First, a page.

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Ashtabula Train Disaster


Train Disaster Picture Panel donated by The Robert S. Morrison Foundation

The Ashtabula River railroad disaster (also called the Ashtabula horror or the Ashtabula Bridge disaster or the Ashtabula train disaster) was a derailment caused by the failure of a bridge over the Ashtabula River about 1,000 feet from the railroad station at Ashtabula, in far northeastern Ohio. On December 29, 1876, at about 7:30 pm, two locomotives hauling 11 railcars of the Lake Shore and Michigan Southern Railway carrying 159 passengers plunged into the river in deep snow when the bridge gave way beneath them. The wooden cars were set alight by their heating stoves, but no attempt was made to extinguish the fire. The accident killed 92 people and was the worst rail accident in the U.S. in the 19th century and until the Great Train Wreck of 1918.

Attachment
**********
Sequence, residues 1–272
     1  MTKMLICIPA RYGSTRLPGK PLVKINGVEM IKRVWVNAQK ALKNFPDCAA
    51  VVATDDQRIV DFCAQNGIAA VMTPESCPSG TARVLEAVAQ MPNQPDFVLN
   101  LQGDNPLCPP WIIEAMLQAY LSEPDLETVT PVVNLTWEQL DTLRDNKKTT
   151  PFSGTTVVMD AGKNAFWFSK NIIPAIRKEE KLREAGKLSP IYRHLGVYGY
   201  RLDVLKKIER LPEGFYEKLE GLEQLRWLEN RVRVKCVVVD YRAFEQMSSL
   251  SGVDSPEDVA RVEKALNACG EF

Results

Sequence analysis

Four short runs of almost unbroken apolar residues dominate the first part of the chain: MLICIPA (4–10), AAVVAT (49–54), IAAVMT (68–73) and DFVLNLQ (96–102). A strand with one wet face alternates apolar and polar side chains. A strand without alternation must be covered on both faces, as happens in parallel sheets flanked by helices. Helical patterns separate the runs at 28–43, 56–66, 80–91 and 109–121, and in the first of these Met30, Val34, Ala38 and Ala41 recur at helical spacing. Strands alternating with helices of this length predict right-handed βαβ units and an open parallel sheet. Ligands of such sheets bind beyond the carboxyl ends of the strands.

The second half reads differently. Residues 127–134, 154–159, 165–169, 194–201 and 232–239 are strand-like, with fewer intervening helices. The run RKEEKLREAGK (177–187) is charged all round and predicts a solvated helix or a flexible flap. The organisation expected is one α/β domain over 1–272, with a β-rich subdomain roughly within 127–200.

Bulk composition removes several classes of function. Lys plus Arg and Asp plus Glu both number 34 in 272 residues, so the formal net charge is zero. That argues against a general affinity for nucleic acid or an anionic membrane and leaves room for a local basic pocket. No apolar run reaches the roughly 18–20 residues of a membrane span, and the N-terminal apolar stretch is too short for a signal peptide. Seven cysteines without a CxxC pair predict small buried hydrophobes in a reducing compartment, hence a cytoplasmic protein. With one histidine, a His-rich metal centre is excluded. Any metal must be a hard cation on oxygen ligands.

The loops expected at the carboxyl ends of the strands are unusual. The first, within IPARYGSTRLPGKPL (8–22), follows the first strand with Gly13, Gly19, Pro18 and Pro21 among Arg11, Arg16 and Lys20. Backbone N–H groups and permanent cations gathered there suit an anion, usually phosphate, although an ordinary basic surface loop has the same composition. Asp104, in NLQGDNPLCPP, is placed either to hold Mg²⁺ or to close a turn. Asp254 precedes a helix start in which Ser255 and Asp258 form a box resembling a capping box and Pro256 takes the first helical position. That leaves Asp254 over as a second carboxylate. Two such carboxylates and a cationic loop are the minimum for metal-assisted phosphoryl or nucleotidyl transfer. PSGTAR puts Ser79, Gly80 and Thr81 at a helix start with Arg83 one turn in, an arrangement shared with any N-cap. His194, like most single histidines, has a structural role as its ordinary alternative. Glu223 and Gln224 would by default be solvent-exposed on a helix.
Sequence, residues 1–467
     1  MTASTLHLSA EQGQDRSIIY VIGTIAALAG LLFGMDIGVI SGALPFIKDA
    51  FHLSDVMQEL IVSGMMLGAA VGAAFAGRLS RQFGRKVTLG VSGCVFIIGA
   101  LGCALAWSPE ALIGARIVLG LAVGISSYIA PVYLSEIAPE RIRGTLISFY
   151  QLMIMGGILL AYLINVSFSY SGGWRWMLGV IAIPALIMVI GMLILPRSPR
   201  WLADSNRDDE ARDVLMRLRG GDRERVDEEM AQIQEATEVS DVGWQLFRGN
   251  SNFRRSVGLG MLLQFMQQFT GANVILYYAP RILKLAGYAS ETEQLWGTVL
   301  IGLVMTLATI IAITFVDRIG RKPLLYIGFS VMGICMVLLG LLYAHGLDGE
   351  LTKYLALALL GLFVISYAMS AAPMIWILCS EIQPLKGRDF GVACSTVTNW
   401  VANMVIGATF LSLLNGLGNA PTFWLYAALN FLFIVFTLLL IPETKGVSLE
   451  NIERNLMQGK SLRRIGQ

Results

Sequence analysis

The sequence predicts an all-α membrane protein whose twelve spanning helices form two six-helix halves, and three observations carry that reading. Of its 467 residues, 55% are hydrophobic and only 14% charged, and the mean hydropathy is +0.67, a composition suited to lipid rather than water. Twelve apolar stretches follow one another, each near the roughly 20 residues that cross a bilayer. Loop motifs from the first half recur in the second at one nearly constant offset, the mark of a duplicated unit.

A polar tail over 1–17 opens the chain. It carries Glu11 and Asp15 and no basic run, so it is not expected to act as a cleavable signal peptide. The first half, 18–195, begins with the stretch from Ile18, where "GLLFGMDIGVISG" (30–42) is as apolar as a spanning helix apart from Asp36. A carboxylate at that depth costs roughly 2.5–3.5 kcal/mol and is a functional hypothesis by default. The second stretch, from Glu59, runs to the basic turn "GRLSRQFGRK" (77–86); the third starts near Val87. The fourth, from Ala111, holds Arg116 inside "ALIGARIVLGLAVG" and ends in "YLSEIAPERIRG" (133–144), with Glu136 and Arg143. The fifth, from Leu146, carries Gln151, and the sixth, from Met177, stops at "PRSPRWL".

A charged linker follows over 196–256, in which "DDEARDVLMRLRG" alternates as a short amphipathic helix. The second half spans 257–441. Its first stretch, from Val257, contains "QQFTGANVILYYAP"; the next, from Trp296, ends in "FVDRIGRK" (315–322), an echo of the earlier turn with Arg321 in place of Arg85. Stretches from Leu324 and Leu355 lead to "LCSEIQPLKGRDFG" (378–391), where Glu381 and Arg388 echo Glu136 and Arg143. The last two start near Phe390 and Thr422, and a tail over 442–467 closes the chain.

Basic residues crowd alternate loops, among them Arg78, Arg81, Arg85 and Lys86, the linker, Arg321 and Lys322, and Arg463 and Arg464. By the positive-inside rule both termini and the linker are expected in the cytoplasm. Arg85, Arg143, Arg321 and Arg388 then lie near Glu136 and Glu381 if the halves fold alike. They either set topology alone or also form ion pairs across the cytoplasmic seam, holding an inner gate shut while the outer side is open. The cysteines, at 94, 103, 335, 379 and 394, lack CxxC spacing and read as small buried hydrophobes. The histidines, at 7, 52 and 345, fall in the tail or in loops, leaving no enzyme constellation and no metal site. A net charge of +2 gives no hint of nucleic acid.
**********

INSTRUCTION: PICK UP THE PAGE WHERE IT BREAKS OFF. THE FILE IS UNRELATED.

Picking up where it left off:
The coroner's report found that the bridge, designed by the railroad company president, had been improperly designed and inadequately inspected. As a result of the accident a hospital was built in Ashtabula and a federal system set up to formally investigate fatal railroad accidents.

History Narrative Compilation by Carol Johnson

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